8 School Leadership Tasks Organization Management Managing budgets, resources Hiring personnel Dealing with concerns from teachers Managing non- instructional staff Networking with other principals Managing personal schedule Maintaining campus facilities Developing and monitoring a safe school environment Administr. Fulfilling compliance requirements Managing school schedules Managing student discipline Managing student services Managing student attendance Preparing and implementing standardized tests Supervising students Fulfilling Special Education requirements Day-to-Day Instruction Informally coaching teachers to improve instruction Formally evaluating teachers Conducting classroom observations Implementing required professional development Using data to inform instruction Teaching students Instructional Program Developing an educational program across the school Evaluating curriculum Using assessment results for program eval and development Planning professional development for teachers Planning professional development for prospective principals Releasing or counseling out teachers Planning or directing supplementary or after school instruction Utilizing school meetings External Relations Working with local community members or organizations Fundraising Communicati ng with the district office to obtain resources (initiated by principal) Utilizing district office communicatio ns (initiated by district) Internal Relations Developing relationships with students Communicating with parents Interacting socially with staff about non-school related topic Interacting socially with staff about school- related topic Attending school activities Counseling staff Counseling students and/or parents Informally talking to teachers about students, not related to instruction

9 2. What skills do these reflect?  Surveyed all principals, assistant principals and teachers  Asked principals how effective they felt at each of the tasks  Asked assistant principals how effective their principals were at each task  Identify groupings of self-assessed task effectiveness reflecting underlying skills  Link responses and observations to administrative data, other survey data, and interviews to assess the relationship between skills and school outcomes

10 Principal Task Effectiveness: 5 Primary Dimensions  Exploratory factor analysis of the 42 items uncovered 5 underlying factors based on standard criteria  After varimax rotation, we identify these dimensions as: 1.Instruction Management (α = 0.90) Using assessment results, providing instructional feedback, implementing PD 2.Internal Relations (α = 0.82) Handling staff conflicts, counseling students and teachers 3.Organization Management (α = 0.83) Budgeting, hiring personnel 4.Administration (α = 0.82) Maintaining records, fulfilling special ed requirements, managing attendance 5.External Relations (α = 0.73) Communicating with the district office, fundraising, working with the community  Each principal given score on each dimension (std)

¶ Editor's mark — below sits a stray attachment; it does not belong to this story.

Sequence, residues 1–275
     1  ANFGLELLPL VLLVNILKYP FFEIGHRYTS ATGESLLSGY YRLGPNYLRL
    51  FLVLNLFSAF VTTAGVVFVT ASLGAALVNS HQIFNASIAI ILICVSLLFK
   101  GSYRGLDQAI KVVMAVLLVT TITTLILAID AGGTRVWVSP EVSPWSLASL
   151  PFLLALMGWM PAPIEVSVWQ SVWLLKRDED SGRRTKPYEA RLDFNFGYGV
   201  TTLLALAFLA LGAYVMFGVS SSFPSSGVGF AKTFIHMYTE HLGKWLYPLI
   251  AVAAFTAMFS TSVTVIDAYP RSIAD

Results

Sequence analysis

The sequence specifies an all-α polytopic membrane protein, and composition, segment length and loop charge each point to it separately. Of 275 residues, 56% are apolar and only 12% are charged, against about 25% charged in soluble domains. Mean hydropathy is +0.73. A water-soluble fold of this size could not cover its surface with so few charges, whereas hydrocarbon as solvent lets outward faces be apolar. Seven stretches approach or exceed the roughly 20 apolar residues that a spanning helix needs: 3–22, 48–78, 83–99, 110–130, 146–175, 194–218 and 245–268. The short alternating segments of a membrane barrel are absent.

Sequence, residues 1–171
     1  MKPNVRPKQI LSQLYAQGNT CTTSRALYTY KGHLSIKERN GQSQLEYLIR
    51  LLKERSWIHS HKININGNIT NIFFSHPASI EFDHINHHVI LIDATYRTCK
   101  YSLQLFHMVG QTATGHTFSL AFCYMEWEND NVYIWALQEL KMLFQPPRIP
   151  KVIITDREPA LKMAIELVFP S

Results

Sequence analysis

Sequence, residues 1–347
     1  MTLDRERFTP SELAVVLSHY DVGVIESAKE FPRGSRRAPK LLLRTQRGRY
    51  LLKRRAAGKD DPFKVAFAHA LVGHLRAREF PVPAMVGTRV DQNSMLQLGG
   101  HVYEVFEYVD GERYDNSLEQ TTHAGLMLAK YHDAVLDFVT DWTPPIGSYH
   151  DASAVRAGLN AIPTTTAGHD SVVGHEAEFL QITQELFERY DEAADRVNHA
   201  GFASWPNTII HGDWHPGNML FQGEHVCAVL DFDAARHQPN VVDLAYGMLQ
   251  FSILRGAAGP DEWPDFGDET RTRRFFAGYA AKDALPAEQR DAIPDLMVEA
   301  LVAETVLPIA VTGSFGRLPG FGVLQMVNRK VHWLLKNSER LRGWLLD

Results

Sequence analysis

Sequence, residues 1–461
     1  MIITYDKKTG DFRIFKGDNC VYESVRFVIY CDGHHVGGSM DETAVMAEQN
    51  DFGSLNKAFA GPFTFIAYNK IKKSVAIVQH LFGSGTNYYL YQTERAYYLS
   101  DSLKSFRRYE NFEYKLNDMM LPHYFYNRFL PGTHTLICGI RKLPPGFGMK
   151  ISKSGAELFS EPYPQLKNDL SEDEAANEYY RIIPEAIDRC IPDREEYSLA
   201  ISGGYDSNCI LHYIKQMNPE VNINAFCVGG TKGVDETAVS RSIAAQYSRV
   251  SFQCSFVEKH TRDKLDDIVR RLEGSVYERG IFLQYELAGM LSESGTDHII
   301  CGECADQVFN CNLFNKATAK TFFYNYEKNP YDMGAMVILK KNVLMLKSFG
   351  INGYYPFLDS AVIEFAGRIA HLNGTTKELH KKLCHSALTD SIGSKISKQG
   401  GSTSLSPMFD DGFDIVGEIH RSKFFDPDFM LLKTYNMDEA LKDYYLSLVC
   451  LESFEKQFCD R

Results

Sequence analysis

11 Most Time Spent On: Disciplining students Supervising students Observing classrooms Internal relationships Compliance requirements Managing budgets Least Time Spent On: External relationships Coaching teachers Using data and assessments PD for teachers PD for themselves Teaching students Findings: principal time-use MPS, M-DCPS

12 No significant differences across schools by school or principal characteristics except less administration for experienced principals

13 Principal Time-Use and Outcomes Organization Management Student Performance Gains Teacher Assessments of School M-DCPS Parent Assessments of School Time-use Relative to Administration Though other time use also related to non- achievement measures

14 Principals’ Organization Management Efficacy Teacher Satisfaction Parent Assessments Student Gains Other domains NOT related to outcomes. Safe school Staff concerns Budgets Hiring School schedule Campus facilities Managing staff Networking Principal Efficacy and Outcomes M-DCPS Confirmed by AP evaluations of principals

15 Hypothesize goals of personnel management – recruitment and hiring of effective teachers – strategic retention of effective teachers (lower retention of less-effective teachers) – teaching supports to increase teacher effectiveness Use administrative data that links principals, teachers and students – Create measures of teacher effectiveness by comparing the test score increases of each student as he/she moves through classes with different teachers (student fixed-effects) – Similarly, create measures of school/principal effects Given importance of Org. Manag., explore personnel in more detail